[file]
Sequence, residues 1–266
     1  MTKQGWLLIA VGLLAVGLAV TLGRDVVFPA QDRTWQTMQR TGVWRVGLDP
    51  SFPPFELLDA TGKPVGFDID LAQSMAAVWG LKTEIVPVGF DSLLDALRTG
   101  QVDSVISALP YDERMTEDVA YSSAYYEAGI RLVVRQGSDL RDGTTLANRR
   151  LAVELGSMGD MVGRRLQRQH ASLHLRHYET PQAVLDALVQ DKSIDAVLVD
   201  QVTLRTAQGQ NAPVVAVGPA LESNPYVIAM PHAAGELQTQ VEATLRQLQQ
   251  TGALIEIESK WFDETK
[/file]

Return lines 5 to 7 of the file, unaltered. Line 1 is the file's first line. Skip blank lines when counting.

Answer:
   151  LAVELGSMGD MVGRRLQRQH ASLHLRHYET PQAVLDALVQ DKSIDAVLVD
   201  QVTLRTAQGQ NAPVVAVGPA LESNPYVIAM PHAAGELQTQ VEATLRQLQQ
   251  TGALIEIESK WFDETK